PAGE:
Campgrounds open and space available, but reservations no longer accepted.
As of 9.3.2012, winter reservations no longer accepted (via reserveamerica.com; 1-800-444-7275) for Jed Smith, Mill Creek, and Elk Prairie campgrounds. This does NOT mean that sites are unavail. All sites avail. first-come, first-served basis until May. More »
Miners Ridge and Ossagon backcountry camps closed indefinitely.
Backpacker sites avail. during summer only at Gold Bluffs Beach Campground (8 sites avail.; free permit req'd; $5 fee paid on site) and year-round at Elk Prairie Campground (hiker/biker sites avail., first-come, first-served; $5 fee paid on site). More »
Redwood National and State Parks Present a Tolowa Dance Demonstration, Saturday, July 21, 2012
Contact: Jim Wheeler, 707-645-7764
On Saturday, July 21st, members of the Tolowa Nation will present a Tolowa Dance Demonstration at 1:00 pm at the Jedediah Smith Redwoods State Park day use area, located off US 199, just west of the community of Hiouchi, California. The demonstration is open to the public, free of charge, and will last about an hour.
The dance demonstration is co-hosted by Redwood National and State Parks and members of the Tolowa Nation. Dance is an important part of the Tolowa culture, meant to reestablish positive relationships between humans and the earth. The dance, called Nee-dash in Tolowa, is a renewal ceremony that is traditionally performed inside a redwood plank house. For the demonstration, the program will be held in a redwood grove overlooking the Smith River. Many northwestern California tribes continue to pass on their language, arts, and traditions, particularly in the form of song and dance.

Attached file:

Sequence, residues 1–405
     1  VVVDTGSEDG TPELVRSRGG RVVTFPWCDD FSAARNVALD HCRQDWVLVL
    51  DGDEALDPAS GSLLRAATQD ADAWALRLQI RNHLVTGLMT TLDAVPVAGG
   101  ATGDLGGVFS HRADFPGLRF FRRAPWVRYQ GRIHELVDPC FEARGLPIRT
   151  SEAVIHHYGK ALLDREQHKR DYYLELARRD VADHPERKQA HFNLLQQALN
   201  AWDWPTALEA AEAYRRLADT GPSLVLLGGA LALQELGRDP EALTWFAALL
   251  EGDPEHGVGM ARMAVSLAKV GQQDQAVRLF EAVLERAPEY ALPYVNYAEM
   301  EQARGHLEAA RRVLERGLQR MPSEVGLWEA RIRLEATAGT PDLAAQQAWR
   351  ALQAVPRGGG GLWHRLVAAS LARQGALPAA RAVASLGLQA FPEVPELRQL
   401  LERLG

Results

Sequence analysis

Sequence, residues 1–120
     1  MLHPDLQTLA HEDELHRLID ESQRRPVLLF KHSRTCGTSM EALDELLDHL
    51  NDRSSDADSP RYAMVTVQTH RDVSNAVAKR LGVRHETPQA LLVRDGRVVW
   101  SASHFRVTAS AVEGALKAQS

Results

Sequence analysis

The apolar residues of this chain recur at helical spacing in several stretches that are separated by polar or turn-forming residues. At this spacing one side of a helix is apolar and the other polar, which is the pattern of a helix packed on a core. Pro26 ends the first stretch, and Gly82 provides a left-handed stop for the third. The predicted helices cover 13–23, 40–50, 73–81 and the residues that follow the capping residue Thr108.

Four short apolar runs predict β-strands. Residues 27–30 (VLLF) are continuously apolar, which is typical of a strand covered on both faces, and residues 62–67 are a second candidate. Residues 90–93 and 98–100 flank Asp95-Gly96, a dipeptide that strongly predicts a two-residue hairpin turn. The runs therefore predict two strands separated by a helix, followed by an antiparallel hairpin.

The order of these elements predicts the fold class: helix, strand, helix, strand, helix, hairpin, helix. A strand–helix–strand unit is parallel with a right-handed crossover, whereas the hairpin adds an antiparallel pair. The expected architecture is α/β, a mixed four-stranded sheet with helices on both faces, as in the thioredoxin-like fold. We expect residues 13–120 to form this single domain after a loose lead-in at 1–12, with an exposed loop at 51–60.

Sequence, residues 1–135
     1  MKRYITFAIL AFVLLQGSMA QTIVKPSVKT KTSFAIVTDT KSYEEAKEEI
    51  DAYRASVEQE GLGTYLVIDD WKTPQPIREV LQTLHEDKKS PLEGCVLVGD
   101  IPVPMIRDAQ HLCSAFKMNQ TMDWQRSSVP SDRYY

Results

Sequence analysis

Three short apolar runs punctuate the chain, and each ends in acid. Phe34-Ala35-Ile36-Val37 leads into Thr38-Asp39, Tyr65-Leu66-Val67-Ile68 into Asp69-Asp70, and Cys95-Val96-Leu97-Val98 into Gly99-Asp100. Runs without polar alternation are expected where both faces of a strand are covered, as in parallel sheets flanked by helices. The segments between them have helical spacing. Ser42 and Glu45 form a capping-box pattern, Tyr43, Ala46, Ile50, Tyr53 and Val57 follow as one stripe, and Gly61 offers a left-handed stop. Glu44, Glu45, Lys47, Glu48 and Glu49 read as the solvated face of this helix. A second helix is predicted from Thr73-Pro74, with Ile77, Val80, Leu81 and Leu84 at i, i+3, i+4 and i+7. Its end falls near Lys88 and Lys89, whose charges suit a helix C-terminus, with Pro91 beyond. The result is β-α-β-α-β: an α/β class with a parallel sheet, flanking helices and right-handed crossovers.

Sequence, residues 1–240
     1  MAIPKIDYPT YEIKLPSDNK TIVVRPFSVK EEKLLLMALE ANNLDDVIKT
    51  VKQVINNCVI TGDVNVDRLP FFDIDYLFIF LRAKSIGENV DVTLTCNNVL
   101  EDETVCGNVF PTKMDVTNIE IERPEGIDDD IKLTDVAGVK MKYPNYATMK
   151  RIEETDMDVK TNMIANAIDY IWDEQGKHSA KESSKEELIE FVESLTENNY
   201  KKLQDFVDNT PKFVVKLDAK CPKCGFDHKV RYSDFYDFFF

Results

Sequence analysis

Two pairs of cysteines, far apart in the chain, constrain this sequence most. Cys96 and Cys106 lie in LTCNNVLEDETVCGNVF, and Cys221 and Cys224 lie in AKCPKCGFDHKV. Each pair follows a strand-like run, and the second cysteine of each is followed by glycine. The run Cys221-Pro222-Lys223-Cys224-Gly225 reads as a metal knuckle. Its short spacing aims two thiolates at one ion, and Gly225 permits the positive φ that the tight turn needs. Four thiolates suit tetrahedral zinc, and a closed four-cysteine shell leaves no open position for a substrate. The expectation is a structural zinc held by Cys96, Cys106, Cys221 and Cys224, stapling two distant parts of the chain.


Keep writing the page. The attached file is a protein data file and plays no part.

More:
Come share in this celebration of local cultural diversity. Bring blankets or folding chairs, as seating may be limited.
For more information about this event please contact National Park Ranger Jim Wheeler at 707-465-7764.
This News Release can also be viewed, downloaded, and/or printed in PDF format (53 KB).
Did You Know?
The famous drive-through giant sequoia in the Mariposa Grove of Yosemite National Park fell in 1969 under heavy snow. Today there are three coast redwood drive-through trees along Highway 101 in northern California. All are on private property and charge admission.